Long before the AIG bonus scandal erupted this month, Rep. Brad Sherman (D-Calif.) was at the forefront of (failed) congressional efforts to install stricter pay limits for employees of bailed out banks. Sherman was an early critic of the Troubled Asset Relief Program, arguing last fall that it didn’t go nearly far enough to prevent bailed out executives from paying themselves handsomely with taxpayer cash. He emerged again in January when House Democrats pushed legislation that would have capped executive bonuses but not salaries. (That bill passed the House but the Senate, heeding the Obama administration, never took it up.) And more recently, he was critical of a bill — which passed the House this month amid the AIG outcry — that would have taxed the AIG bonuses at 90 percent, but only for firms accepting more than $5 billion in bailout funds.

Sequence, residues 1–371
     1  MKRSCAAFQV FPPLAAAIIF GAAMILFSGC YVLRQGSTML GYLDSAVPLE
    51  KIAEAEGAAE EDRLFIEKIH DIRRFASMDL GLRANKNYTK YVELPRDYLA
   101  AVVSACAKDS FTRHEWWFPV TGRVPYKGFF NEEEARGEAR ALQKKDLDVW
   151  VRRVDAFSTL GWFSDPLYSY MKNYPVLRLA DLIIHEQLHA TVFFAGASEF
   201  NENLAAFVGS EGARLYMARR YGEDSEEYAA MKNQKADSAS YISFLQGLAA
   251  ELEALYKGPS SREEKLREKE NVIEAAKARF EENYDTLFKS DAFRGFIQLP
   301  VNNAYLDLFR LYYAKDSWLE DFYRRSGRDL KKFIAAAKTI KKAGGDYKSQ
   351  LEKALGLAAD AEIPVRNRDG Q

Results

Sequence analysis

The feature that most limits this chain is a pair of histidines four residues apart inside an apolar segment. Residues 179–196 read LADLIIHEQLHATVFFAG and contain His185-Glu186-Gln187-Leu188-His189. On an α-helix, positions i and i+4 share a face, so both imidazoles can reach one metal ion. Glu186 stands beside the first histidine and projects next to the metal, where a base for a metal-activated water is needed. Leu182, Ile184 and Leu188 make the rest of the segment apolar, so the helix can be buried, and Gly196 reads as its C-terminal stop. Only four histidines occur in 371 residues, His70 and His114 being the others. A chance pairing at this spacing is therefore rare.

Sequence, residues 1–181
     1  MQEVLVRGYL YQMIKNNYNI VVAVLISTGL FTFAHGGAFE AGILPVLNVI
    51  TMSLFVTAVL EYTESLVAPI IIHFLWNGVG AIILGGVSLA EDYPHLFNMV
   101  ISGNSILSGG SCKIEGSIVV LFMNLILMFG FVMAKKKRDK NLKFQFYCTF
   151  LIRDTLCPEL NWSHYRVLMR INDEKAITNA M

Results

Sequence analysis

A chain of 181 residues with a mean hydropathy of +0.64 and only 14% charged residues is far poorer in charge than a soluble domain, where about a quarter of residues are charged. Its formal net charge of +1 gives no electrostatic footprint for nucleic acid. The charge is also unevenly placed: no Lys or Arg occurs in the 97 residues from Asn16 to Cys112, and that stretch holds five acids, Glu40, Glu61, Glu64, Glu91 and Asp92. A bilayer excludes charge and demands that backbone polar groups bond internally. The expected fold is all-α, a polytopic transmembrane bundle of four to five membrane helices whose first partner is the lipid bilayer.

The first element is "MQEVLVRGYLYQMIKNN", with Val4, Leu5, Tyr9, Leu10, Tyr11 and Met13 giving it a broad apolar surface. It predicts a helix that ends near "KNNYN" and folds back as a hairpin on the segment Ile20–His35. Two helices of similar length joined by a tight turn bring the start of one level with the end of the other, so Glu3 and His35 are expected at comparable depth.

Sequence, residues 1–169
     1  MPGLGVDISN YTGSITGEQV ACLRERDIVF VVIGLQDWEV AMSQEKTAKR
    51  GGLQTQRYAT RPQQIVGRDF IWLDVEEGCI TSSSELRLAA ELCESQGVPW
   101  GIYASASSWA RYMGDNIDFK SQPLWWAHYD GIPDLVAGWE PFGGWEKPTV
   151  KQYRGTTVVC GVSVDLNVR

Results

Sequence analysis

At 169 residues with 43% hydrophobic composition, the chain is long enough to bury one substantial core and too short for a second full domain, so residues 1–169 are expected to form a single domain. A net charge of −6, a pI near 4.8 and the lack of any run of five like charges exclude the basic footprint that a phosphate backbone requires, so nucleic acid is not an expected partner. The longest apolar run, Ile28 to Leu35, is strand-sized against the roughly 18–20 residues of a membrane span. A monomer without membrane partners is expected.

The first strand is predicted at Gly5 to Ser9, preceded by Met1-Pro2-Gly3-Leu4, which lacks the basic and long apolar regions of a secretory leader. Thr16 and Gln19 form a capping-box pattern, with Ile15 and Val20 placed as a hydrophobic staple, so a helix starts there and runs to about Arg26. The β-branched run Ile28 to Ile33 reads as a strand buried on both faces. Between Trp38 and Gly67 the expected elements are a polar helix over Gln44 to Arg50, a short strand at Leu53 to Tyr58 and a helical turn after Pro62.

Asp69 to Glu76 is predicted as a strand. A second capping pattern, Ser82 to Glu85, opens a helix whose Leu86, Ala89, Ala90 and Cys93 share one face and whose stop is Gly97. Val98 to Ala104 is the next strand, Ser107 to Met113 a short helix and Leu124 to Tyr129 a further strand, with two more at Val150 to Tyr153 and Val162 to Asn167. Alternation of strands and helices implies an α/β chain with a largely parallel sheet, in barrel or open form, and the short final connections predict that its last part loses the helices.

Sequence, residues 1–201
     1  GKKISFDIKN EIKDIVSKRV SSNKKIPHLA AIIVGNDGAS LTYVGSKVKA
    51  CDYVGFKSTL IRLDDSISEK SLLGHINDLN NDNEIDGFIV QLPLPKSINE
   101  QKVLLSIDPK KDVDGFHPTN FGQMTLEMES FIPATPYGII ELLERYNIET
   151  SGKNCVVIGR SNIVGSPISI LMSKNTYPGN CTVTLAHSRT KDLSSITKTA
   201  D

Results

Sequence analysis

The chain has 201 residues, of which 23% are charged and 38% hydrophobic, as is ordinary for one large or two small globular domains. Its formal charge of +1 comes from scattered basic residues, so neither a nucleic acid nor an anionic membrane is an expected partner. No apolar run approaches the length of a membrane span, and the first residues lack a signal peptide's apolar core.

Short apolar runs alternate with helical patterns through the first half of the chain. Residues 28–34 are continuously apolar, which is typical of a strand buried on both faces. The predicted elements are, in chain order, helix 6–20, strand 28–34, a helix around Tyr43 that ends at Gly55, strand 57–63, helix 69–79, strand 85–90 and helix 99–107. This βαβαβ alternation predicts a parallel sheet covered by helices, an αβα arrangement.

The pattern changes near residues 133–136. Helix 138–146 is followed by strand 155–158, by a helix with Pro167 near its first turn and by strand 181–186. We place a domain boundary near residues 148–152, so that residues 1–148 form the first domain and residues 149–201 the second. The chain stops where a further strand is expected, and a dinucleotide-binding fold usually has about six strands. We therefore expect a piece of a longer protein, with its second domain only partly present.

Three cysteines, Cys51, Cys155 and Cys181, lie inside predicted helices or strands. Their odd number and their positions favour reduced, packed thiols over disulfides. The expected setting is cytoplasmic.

Now he’s back with a new proposal to stick a 70 percent tax on all executive pay above $1 million for firms accepting more than $500 million in bailout money. It also fills a gaping loophole found in the other bills: “My bill deals with all compensation, whether it is called a salary, bonus, retention payment, commission, employee of the week prize, or whatever,” Sherman said in a statement introducing the bill.
How far will it get? Well, when Sen. Claire McCaskill (D-Mo.) attached a provision to the stimulus capping executive pay at $400,000, the White House stripped it right out.